After all my talk about Algebra 2, it has worked out that this year I’m teaching precalculus instead. So I’m trying a hybrid of my favorite models: IBL, based on the Moore method; the Math Circle; and, following Lockhart, the art class at my school.

I have 80 minutes a day. I put up definitions and problems, which are often theorems to prove. Students work on the ones that interest them, or if none appeal, they can try to tackle one of the classic puzzles I have in a binder in the corner. We start each day with presentations. (Once a student has presented a solution that meets with class approval, they can submit it for publication in the class journal.) Then I might talk for a few minutes on problem-solving strategies, or values like persistence, or just give them the next few problems. Then work time for 30 minutes or so. I wander around to help or encourage. Students at a dead end can recharge with a Rubik’s cube or soma blocks. We end with a short reflection on where people are and how they’re feeling.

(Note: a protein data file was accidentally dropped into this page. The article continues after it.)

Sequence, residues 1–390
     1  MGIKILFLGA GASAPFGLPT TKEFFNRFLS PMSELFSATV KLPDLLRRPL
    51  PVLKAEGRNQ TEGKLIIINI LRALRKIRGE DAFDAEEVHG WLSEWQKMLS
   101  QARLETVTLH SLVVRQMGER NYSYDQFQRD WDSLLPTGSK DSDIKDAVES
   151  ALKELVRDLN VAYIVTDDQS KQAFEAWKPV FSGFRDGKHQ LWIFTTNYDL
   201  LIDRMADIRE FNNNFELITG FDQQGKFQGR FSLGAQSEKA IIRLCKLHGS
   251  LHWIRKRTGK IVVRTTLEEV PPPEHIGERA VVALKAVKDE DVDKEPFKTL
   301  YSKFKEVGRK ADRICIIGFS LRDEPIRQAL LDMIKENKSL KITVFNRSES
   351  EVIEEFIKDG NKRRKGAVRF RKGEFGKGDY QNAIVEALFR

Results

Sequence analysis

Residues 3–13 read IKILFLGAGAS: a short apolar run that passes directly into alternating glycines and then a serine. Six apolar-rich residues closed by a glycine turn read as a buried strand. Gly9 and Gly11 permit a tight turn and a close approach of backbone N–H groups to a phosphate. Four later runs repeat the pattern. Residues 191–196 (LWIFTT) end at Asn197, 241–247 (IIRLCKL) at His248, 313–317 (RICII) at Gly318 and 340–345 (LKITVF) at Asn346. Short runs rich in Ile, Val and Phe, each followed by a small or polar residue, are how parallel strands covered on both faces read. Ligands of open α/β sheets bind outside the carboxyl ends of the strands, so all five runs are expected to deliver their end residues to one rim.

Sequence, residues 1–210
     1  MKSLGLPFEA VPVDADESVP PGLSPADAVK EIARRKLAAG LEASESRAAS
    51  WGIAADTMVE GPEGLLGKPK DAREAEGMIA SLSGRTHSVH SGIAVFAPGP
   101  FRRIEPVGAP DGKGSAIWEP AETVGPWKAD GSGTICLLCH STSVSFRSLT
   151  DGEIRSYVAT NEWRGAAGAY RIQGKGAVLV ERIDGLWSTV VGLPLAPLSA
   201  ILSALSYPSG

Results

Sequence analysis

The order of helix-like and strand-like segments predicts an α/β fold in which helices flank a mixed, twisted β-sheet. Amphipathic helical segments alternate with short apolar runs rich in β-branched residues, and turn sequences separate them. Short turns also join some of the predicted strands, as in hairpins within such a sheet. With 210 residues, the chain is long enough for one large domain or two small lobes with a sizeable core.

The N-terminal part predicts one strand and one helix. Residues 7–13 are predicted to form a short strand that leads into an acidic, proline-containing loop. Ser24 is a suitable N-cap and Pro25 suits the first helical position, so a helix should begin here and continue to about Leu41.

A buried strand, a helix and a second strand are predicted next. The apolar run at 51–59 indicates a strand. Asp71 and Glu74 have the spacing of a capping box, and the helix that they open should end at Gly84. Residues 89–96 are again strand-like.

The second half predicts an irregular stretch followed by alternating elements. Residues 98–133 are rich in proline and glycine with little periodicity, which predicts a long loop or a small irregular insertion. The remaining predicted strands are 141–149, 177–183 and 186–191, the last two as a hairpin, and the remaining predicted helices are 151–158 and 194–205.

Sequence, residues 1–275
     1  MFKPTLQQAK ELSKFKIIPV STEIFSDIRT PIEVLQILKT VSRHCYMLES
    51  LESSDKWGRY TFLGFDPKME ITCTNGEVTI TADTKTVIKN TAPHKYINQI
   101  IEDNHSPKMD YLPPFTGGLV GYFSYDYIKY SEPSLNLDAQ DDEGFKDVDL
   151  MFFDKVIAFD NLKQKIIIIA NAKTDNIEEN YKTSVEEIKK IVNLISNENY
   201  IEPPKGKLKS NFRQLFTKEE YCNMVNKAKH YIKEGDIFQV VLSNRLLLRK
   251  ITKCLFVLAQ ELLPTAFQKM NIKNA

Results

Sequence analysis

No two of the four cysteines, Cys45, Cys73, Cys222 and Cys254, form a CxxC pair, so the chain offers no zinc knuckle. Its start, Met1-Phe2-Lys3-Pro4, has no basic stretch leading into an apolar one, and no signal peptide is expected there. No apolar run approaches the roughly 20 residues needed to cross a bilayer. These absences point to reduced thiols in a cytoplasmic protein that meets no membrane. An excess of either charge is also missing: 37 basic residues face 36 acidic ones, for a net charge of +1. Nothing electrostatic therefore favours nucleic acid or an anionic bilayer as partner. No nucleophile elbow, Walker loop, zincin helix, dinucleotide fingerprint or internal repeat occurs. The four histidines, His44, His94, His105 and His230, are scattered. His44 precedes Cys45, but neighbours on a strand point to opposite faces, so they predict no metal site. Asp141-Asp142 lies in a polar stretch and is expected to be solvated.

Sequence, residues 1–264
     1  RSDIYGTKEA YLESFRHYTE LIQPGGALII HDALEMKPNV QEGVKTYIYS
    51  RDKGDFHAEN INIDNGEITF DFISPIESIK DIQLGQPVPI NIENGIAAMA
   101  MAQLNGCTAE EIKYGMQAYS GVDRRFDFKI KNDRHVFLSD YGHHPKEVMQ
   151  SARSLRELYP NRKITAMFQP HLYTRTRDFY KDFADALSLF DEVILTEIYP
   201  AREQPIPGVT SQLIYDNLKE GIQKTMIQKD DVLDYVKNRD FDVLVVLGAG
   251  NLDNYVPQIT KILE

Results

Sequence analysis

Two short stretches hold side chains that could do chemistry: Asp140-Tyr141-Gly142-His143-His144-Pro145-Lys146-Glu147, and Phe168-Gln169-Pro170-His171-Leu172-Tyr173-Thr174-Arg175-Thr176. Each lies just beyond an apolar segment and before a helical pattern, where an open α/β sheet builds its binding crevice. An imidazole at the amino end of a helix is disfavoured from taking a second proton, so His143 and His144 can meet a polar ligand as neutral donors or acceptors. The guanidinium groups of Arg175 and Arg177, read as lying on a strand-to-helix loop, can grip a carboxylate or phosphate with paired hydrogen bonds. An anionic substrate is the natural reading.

So, Friday – day 2. Everyone’s working. A few are still a little freaked out, but everyone is working productively on one problem or another. The first presentations were all over the map, but they were an occasion to talk about taking time to get good at presenting, which opened up a conversation about what makes a presentation good. Still, twenty percent of the students are ready to draft their first articles. And it’s only day 2! A student calls me over. I see he is working on Problem 1. He looks up at me and says, “I had a breakthrough.”

I know just how he feels.

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